Do You Know Your Loved One’s Limits?
The Alcohol Use Disorder diagnostic test can be self-administered by anyone who is questioning whether they have a problem. But, taking it requires both self-awareness and a desire for change. As an outsider, you may not be able to determine someone’s use levels by this checklist. Here are some signs you can watch for if you’re scared a loved one is struggling with their alcohol use.
1. They Have a High Tolerance
The more you drink, the more alcohol you can handle without becoming inebriated. Those with alcohol use disorders may not get drunk as easily as you, or even as easily as they used to. Someone in this position has likely increased their alcohol use or is a frequent binge drinker, which could signify a problem.
2. They Are Defensive About Their Drinking
Often, someone who drinks too much knows they have an unhealthy relationship with alcohol, even if they refuse to admit it. Their complex emotions may bubble to the surface when others want to talk to them about their drinking habits. Of course, anyone who’s inebriated may become frustrated with questions about their alcohol use. However, those who have a healthy relationship with alcohol don’t usually protest discussing the topic when they’re sober.
3. They Have a History of Substance Use Disorders
Addictions can come in many shapes and forms, and they aren’t easy to beat. If someone you know has a history of drinking too much or abusing other drugs, they could be at risk of falling back into their own ways. Alcohol Use Disorder often overlaps with other substance use, so watching for one might be key to discovering the other.
4. They Change Their Social Habits
Hand-in-hand with the defensiveness about drinking comes a drive to avoid those who will bring the topic up. Someone with an Alcohol Use Disorder may therefore spend less time with those who question their drinking, and more time with those who accept or even encourage unhealthy habits. They may alienate themselves from loved ones or drink by themselves to avoid the threat of confrontation.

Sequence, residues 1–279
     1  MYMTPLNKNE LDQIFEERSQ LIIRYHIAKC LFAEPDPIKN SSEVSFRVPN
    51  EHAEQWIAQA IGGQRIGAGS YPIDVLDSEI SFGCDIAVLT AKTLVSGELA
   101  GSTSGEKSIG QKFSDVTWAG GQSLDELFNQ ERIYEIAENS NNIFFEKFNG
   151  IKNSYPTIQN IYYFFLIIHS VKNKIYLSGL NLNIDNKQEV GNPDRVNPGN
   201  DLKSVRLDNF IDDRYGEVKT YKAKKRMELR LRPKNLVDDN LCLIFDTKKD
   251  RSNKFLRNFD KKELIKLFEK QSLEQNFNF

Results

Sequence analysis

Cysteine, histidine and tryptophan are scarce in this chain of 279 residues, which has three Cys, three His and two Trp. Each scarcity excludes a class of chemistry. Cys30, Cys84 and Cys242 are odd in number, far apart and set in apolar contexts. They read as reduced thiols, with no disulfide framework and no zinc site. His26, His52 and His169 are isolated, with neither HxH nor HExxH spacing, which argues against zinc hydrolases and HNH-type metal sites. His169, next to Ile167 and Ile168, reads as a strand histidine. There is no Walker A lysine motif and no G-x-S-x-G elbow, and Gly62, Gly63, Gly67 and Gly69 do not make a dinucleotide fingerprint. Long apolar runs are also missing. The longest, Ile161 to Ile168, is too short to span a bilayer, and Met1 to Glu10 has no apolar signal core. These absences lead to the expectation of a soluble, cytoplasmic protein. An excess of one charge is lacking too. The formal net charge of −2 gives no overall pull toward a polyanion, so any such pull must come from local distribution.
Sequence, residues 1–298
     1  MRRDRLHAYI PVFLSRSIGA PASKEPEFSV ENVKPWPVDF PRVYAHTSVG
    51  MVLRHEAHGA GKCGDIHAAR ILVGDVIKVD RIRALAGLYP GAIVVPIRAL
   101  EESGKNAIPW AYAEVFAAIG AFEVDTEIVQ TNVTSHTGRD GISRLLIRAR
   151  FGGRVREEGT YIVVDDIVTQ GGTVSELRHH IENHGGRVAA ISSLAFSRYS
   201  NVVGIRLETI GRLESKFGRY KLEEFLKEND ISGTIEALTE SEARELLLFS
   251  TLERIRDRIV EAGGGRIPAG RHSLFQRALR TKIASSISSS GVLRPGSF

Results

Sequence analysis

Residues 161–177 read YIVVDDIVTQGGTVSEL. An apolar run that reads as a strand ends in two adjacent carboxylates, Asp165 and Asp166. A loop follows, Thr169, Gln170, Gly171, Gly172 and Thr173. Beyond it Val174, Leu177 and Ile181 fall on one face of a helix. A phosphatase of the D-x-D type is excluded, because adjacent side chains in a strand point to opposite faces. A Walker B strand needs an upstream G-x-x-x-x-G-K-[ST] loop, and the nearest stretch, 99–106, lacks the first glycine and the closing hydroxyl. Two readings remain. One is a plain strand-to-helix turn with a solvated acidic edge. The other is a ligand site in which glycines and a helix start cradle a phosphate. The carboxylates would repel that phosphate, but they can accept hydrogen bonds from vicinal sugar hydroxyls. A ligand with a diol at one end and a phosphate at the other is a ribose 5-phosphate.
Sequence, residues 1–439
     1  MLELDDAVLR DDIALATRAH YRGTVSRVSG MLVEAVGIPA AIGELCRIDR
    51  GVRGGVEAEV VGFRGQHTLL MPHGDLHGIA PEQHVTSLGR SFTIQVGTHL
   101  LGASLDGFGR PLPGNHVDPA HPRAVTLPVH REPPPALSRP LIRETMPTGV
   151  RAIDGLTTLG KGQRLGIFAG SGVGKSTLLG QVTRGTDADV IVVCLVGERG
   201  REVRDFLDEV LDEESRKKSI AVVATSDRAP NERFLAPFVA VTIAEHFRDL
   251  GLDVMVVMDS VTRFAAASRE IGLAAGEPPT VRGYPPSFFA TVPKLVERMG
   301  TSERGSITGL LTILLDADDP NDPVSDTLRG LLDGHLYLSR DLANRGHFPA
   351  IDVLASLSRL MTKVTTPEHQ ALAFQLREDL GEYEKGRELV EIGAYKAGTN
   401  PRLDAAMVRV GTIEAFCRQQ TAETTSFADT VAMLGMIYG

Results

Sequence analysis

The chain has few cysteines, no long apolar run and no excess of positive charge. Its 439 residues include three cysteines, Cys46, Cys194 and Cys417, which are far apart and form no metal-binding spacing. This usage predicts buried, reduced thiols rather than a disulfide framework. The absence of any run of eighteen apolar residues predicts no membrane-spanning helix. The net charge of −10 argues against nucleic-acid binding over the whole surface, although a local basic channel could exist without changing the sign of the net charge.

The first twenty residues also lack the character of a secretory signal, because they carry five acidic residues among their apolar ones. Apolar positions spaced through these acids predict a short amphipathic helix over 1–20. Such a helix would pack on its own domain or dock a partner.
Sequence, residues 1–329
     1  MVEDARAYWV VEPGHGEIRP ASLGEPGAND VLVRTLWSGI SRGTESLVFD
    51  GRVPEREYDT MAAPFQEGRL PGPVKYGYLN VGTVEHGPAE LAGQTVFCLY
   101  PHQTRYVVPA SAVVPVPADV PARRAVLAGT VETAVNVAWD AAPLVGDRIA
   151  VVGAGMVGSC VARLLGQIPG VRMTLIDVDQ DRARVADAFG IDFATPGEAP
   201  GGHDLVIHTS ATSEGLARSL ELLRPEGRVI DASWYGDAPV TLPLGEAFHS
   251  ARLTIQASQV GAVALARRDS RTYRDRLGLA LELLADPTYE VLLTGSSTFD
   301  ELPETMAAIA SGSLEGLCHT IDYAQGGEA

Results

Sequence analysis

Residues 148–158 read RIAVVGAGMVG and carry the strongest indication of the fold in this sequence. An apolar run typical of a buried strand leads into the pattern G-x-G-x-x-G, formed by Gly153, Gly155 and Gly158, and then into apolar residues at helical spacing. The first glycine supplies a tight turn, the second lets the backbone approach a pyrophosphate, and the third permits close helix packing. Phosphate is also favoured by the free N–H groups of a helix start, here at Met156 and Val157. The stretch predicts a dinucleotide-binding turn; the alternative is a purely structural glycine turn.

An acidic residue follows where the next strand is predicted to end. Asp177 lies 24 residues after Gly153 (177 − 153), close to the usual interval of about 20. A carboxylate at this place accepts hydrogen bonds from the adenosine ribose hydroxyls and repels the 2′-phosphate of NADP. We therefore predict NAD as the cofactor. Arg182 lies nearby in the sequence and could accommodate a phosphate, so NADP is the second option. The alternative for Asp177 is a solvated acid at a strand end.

5. They Use Any Situation as an Excuse to Drink
Some people drink during celebrations; others drink when they’re under a lot of stress. For someone with an Alcohol Use Disorder, both of these (and more!) may provide a handy excuse to grab a drink. Of course, many people drink at parties or have a glass of wine to wind down after a hard day at work. Watch to see if a loved one is always creating or mentioning reasons to use alcohol: They could be searching for socially acceptable situations that will disguise their drinking problem.
What Is “Safe” Alcohol Use?
Alcohol is a toxin and, especially when used irresponsibly, can have adverse effects on both long-term and short-term health. However, years of research have identified the cutoff for unsafe drinking. The National Institute on Alcohol Abuse and Alcoholism (NIAAA) considers 1 drink a day (for women) and 2 drinks a day (for men) the standards for “moderate” drinking. Habitually imbibing in more than that could signal an Alcohol Use Disorder.
Some drinkers don’t partake every day, but when they do, they engage in binge drinking. Binge drinking, according to the NIAAA, brings one’s blood alcohol concentration (BAC) to or over 0.08. This usually means having 4 or more drinks (for women) or 5 or more drinks (for men) on one occasion. Anyone who binge drinks 5 or more days in a given month is defined as a heavy alcohol user and may need help.
What Do I Do if a Loved One Is Drinking Too Much?
It can be difficult to support a loved one through a substance use disorder, especially when they refuse to recognize it or admit there is a problem. Finding the balance between unwillingly supporting their unhealthy patterns of use and providing them the love that may help them recover can be hard. Decision Point Center, located in Prescott, AZ, provides multiple scientifically proven therapies that can help with recovery from an Alcohol Use Disorder. We may be able to help your loved one unlearn their unhealthy drinking habits.
If you’re looking for help, we are here. Reach out to our admissions team at (844) 292-5010.